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Displaying posts with tag: partitioning (reset)
Partitioning the WordPress Comments Table

WordPress sites can get big. Really big. When you’re looking at a site of Cheezburger, Engadget or Techcrunch proportions, you get hundreds of comments per post, on dozens of posts per day, which adds up to millions of comments per year.

In order to keep your site running in top condition, you don’t want to be running queries against tables with lots of rarely accessed rows, which is what happens with most comments – after the post drops off the front page, readership drops, so the comments are viewed much less frequently. So, what we want to do is remove these old comments from the primary comment table, but keep them handy, for when people read the archives.

Enter partitioning.

The idea of MySQL partitioning is that it splits tables up into multiple logical tablespaces, based on your criteria. Running a query on a single partition of a large table is much faster than running it across the entire table, even with …

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Replication and sandbox talks on the road - San Francisco, Santa Clara, Orlando

In a few weeks, I will be on the road, for an intense set of presentations in the USA.

San Francisco, April 7thI will start the tour at the San Francisco MySQL User Group. On April 7, at 6pm I will talk about Advanced MySQL replication for the masses. This talk will explore topics such as bi-directional replication, multiple sources, parallel replication, seamless failover, with the help of Tungsten replicator.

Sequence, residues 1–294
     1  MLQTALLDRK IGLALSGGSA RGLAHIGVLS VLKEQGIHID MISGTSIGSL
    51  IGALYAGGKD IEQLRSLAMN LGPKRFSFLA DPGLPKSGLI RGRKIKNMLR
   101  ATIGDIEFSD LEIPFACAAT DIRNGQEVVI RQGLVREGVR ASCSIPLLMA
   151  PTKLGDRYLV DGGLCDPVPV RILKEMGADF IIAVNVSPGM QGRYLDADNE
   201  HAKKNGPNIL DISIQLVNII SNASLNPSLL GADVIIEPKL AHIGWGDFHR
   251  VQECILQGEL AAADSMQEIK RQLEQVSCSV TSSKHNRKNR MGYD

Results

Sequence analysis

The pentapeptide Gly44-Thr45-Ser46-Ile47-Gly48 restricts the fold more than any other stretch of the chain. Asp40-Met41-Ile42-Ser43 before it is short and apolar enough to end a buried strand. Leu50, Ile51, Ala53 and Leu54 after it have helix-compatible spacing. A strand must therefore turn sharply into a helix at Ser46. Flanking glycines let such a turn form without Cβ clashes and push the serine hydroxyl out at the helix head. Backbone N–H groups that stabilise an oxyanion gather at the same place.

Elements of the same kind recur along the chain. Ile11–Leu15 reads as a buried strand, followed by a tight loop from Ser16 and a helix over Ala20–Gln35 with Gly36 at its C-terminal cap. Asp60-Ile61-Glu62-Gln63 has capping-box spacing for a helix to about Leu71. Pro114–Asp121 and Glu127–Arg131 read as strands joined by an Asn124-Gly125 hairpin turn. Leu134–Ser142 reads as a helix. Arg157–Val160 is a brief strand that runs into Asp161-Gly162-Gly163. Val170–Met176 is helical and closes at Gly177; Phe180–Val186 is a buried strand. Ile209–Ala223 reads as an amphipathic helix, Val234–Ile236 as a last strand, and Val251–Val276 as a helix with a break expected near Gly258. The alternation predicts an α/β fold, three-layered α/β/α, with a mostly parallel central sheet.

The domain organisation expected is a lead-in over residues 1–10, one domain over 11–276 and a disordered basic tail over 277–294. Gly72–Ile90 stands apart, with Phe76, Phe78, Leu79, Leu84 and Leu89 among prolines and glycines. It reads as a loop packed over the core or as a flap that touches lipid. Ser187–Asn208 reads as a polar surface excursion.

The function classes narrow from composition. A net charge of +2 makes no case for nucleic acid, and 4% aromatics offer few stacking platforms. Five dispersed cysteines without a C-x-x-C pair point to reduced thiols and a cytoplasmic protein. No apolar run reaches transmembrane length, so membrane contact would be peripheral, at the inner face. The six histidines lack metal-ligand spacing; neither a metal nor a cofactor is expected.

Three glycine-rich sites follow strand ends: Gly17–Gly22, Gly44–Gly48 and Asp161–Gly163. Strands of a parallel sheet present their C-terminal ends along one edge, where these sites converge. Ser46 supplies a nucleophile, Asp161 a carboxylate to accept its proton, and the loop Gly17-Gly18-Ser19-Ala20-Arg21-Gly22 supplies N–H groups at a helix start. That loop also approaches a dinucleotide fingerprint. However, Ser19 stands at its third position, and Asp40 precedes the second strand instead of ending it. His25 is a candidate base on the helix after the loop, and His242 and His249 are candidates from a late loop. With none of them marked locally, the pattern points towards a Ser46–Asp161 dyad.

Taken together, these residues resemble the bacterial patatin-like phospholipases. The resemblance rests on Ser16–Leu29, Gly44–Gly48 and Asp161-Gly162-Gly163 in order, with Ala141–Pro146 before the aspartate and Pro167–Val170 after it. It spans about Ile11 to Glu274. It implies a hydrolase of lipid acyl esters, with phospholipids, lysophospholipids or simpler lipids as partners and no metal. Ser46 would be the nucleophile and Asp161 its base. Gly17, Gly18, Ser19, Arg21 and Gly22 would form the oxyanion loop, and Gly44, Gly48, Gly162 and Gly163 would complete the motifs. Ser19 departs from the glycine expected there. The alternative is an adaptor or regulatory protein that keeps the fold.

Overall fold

Santa Clara, April 11, 12The MySQL conference starts on Monday, April 11th, with several three-hour tutorials.

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MySQL Partitioning: A Flow Chart

In Part 1, and Part 2 of this series, I presented some thoughts on partitioning. I heard some great feedback on why people use partitioning. Here, I present a flow chart that summarizes what I’ve learned. In summary: with TokuDB in the picture there’s almost no reason to use partitioning. Or I should say, there are almost always better (higher performing, more robust, lower maintenance) alternatives to partitioning.

Here goes:

  1. Spindle contention? In other words, are you partitioning in order to spread your query work load across many disks? I’ve yet to see a compelling technical case that RAIDing your disks doesn’t do this as well, with much less setup and maintenance.
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Partitioning, Free Lunches, & Indexing, Part 2


In part one, I presented a very brief and particular view of partitioning. I covered what partitioning is, with hardly a mention of why one would use partitioning. In this post, I’ll talk about a few use cases often cited as justification for using partitions.

Lots of disks → Lots of partitioning of tables

One use case for justifying partitions is that each partition can be placed on a separate disk to avoid spindle contention. I have to say that on this one, I agree with Kevin Burton, who makes the point that if you want to distribute I/O load across several disks, you can use a RAID configuration on the disks. In this case, he says that partitioning is not worth the trouble. [NB. He makes the point that this …

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Data Warehousing Best Practices: Comparing Oracle to MySQL pt 2

At Kscope this year, I attended a half day in-depth session entitled Data Warehousing Performance Best Practices, given by Maria Colgan of Oracle. My impression, which was confirmed by folks in the Oracle world, is that she knows her way around the Oracle optimizer.

See part 1 for the introduction and talking about power and hardware. This part will go over the 2nd “P”, partitioning. Learning about Oracle’s partitioning has gotten me more interested in how MySQL’s partitioning works, and I do hope that MySQL partitioning will develop to the level that Oracle partitioning does, because Oracle’s partitioning looks very nice (then again, that’s why it costs so much I guess).